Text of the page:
Sammakka Saralamma Jatara or Medaram Jatara
is a tribal festival of honouring the goddesses celebrated in the Telangana region of Andhra Pradesh, India.The Jatra begins at Medaram in Tadvai Mandal in Warangal district. It commemorates the fight of a mother and daughter, Sammakka and Saralamma, with the reigning rulers against an unjust law. It is believed that after Kumbha Mela, the Medaram jatara attracts the largest number of devotees in the country.
It is celebrated in Medaram during the time the goddesses of the tribals is believed to visit them. Medaram is a remote place in the Eturnagaram Wildlife Sanctuary, a part of Dandakaranya, the largest surviving forest belt in the Deccan.
Sammakka Sarakka Jatara is the time for the largest tribal religious congregation in the world, held every two years (biennually), with approximately ten million people converging on the place, over a period of four days, which is 90 km from Warangal city.The Samakka Jatra is a State Festival of Govt. of Andhra Pradesh. Many tribal Devotees from different states of India (M.P, Chattisgarh, Orissa, Maharastra, Karnataka and parts of Jharkand and U.P.)reach to the festive place to celebrate the Jatara.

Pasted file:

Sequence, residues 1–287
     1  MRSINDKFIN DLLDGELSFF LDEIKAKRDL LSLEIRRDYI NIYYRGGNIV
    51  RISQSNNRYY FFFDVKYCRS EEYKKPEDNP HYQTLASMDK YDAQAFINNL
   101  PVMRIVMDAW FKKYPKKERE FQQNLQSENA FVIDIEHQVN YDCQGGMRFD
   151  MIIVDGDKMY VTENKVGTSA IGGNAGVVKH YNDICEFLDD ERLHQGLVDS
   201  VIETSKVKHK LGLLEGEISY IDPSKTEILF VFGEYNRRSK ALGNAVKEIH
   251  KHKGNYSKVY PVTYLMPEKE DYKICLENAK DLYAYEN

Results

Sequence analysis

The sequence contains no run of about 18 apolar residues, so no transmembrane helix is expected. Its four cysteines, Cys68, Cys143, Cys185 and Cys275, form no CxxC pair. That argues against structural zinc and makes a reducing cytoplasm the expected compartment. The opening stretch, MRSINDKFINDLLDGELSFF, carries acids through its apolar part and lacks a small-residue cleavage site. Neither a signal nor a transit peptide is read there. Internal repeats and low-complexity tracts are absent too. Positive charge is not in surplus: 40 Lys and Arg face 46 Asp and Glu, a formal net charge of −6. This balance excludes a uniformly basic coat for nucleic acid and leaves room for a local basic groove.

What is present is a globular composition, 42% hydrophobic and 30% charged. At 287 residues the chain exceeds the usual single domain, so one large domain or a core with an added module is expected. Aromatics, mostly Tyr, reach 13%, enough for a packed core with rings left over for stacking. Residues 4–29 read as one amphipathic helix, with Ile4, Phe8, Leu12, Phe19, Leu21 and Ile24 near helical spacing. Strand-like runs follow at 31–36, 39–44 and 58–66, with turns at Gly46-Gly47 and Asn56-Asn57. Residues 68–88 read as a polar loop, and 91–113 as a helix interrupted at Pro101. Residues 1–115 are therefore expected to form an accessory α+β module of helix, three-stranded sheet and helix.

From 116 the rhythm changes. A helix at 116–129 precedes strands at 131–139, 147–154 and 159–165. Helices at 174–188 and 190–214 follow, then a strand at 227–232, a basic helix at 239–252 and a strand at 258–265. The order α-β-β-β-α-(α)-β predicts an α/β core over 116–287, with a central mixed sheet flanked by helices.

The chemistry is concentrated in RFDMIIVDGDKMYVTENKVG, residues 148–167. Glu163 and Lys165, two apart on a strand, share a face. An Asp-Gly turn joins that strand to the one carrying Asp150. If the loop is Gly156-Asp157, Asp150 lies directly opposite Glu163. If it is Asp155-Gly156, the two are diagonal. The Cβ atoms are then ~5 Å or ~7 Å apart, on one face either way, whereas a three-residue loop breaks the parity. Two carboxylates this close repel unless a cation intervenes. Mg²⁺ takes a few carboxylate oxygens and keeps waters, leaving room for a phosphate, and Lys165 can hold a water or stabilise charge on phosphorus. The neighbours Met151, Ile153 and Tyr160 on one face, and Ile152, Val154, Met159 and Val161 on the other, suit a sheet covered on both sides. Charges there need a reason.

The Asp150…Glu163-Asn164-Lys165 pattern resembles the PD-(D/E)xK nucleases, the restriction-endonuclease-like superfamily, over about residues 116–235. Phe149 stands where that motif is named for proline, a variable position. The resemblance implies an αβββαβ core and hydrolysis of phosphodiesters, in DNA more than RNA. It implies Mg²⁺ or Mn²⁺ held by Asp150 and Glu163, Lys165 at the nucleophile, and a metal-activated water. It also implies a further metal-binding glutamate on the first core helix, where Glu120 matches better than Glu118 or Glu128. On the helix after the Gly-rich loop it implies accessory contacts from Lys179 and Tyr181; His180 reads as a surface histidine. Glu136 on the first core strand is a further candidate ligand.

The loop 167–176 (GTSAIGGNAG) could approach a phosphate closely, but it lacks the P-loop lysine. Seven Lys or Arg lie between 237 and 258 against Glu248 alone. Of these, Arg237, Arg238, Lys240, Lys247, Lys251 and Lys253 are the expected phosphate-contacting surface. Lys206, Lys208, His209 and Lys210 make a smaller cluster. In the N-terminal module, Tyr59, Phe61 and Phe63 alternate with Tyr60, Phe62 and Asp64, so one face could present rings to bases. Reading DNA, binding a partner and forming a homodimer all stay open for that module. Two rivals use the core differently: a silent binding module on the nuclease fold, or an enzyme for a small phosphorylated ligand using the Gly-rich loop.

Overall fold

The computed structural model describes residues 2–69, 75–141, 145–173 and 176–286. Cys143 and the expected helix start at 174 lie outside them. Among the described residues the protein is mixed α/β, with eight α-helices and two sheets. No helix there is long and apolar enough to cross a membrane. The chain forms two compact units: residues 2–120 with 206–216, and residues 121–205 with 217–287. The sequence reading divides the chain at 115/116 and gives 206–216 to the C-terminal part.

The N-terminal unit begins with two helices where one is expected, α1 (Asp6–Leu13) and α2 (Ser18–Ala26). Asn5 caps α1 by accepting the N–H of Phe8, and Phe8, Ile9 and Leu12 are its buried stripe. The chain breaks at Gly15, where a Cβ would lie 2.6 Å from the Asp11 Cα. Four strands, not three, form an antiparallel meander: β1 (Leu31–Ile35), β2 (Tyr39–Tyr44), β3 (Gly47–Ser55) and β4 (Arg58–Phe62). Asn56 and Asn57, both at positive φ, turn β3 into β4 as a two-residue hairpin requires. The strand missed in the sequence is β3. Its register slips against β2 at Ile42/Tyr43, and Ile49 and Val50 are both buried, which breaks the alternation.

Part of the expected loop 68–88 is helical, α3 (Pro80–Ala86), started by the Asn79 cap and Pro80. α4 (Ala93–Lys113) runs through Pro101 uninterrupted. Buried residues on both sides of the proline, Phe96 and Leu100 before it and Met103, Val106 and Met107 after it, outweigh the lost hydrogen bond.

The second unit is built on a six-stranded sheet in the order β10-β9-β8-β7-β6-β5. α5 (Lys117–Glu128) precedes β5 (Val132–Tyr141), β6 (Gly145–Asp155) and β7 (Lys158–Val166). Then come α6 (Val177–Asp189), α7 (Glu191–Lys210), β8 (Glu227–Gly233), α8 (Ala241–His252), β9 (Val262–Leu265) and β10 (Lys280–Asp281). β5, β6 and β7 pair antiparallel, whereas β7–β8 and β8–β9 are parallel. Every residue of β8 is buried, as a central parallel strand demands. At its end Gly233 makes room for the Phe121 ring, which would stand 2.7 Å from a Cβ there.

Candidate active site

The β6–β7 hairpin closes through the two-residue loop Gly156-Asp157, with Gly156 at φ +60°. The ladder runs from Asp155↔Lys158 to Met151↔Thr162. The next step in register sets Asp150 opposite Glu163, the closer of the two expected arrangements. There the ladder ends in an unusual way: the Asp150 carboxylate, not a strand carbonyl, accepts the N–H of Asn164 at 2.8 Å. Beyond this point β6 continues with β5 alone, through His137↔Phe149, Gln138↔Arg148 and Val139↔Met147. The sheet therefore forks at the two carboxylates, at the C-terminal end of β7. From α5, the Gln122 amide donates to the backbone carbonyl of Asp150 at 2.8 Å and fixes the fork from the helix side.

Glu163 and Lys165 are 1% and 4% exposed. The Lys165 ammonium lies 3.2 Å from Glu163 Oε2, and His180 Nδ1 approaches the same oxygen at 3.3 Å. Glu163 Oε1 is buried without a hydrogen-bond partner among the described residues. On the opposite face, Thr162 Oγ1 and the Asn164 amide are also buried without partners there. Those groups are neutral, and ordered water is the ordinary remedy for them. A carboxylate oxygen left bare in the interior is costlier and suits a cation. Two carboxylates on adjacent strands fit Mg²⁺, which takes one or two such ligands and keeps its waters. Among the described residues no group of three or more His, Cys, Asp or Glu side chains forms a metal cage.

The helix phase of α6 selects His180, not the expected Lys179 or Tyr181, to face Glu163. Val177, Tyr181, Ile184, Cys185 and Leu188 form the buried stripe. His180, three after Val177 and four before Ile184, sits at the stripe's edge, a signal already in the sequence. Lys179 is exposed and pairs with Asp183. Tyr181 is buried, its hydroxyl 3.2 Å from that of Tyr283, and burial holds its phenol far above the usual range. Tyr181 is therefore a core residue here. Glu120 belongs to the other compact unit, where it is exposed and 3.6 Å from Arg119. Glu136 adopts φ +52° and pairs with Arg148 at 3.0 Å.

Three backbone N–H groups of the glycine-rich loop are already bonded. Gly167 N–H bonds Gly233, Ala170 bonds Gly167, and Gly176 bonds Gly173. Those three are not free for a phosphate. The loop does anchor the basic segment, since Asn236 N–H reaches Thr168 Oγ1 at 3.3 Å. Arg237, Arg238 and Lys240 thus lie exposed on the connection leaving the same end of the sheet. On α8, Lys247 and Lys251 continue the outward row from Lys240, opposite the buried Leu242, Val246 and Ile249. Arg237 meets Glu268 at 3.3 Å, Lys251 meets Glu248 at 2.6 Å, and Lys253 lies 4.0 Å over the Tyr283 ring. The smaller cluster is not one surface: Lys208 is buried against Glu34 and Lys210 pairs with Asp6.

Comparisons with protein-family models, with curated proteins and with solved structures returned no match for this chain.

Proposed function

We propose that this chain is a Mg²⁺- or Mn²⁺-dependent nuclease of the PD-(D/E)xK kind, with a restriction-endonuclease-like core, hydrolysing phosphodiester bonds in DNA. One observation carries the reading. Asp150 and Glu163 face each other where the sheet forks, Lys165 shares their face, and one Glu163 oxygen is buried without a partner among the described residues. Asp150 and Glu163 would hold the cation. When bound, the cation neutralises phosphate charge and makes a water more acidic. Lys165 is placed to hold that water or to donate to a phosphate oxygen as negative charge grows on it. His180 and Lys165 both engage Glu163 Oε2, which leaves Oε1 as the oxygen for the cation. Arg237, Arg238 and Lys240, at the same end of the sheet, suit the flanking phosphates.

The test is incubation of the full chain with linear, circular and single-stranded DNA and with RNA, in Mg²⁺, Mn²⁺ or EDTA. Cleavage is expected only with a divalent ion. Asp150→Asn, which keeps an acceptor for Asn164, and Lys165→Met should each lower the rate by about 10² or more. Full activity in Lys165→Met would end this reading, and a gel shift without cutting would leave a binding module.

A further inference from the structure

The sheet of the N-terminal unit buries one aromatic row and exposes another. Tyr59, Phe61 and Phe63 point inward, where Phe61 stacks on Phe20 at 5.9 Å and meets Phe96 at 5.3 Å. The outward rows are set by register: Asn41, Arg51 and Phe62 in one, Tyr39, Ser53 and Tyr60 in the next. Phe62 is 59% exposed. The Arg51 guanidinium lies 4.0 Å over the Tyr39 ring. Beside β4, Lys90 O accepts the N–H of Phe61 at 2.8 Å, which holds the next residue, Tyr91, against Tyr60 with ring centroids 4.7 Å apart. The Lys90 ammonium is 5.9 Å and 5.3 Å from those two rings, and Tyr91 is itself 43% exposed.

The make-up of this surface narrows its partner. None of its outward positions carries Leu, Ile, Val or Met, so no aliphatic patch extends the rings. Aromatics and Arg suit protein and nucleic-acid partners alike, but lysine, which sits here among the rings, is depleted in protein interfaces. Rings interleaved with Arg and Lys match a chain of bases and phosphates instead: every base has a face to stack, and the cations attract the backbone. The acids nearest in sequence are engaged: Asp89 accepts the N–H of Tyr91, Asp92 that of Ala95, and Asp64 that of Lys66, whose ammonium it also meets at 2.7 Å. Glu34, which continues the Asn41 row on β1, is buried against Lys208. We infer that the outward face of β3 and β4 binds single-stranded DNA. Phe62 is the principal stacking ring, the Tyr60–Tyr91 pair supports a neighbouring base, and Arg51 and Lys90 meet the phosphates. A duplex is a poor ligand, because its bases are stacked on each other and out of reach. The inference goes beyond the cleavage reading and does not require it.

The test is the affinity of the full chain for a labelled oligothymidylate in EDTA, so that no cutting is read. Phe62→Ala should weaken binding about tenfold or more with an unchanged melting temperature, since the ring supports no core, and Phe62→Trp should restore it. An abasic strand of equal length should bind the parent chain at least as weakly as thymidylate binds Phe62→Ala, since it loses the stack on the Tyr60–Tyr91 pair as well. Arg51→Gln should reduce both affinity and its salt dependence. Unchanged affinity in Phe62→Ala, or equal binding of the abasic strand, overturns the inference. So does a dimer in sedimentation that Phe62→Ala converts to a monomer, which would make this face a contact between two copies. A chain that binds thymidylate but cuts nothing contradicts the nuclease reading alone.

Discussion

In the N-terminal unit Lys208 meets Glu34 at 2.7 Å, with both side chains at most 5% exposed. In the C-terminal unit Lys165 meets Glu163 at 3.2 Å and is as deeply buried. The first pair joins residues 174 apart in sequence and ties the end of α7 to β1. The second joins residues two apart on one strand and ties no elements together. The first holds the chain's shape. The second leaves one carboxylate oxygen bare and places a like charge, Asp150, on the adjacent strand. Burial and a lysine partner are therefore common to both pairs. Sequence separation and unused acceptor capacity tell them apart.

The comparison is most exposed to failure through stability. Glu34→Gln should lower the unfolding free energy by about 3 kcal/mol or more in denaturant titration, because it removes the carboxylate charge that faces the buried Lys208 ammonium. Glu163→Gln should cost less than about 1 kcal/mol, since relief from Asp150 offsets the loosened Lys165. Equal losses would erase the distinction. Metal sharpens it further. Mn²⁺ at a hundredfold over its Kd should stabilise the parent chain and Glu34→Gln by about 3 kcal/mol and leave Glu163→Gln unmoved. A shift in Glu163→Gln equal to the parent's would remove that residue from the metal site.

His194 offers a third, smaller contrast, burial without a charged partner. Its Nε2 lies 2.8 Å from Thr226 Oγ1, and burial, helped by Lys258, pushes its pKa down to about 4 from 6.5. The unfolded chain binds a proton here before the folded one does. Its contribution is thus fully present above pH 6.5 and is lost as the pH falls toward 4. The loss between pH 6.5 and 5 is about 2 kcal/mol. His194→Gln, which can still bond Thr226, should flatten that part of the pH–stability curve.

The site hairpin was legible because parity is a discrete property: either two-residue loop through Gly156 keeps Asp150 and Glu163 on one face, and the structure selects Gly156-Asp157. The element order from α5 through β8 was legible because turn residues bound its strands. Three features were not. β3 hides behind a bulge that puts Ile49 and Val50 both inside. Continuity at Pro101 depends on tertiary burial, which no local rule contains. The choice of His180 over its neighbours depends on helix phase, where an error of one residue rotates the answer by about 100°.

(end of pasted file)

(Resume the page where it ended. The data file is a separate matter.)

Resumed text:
People offer bangaram/gold (jaggery) of a quantity equal to their weight to the goddesses and take holy bath in Jampanna Vagu (stream).It is a festival with no vedic or brahmanic influence.
Until 1998, the only way to reach Medaram was by a bullock cart. In 1998 the state government declared the 1000-yr old festival as official and laid down a motorable road.
In 2008, nearly 8 million people were estimated to have attended the festival. This fair is said to be the largest repeating congregation of tribal communities in the world. The traffic jam during the festival sometimes goes as far as 60 km on the Warangal highway.
In 2012, approximately 1 crore people would attend the world’s largest tribal festival.
Jampanna vagu is a tributary to River Godavari. According to the history, Jampanna is the tribal warrior and the son of Tribal Goddess Sammakka. The Jampanna vagu took his name as he died in a battle fighting against Kakatiyan Army in that stream .The Jampanna vagu is still red in colour marked with the blood of Jampanna (Scientifically the red colour of the water is attributed to the soil composition). Tribal’s believe that taking a holy dip in the red water of Jampanna Vagu remembers them the sacrifice of their gods who save them and also induces courage into their souls.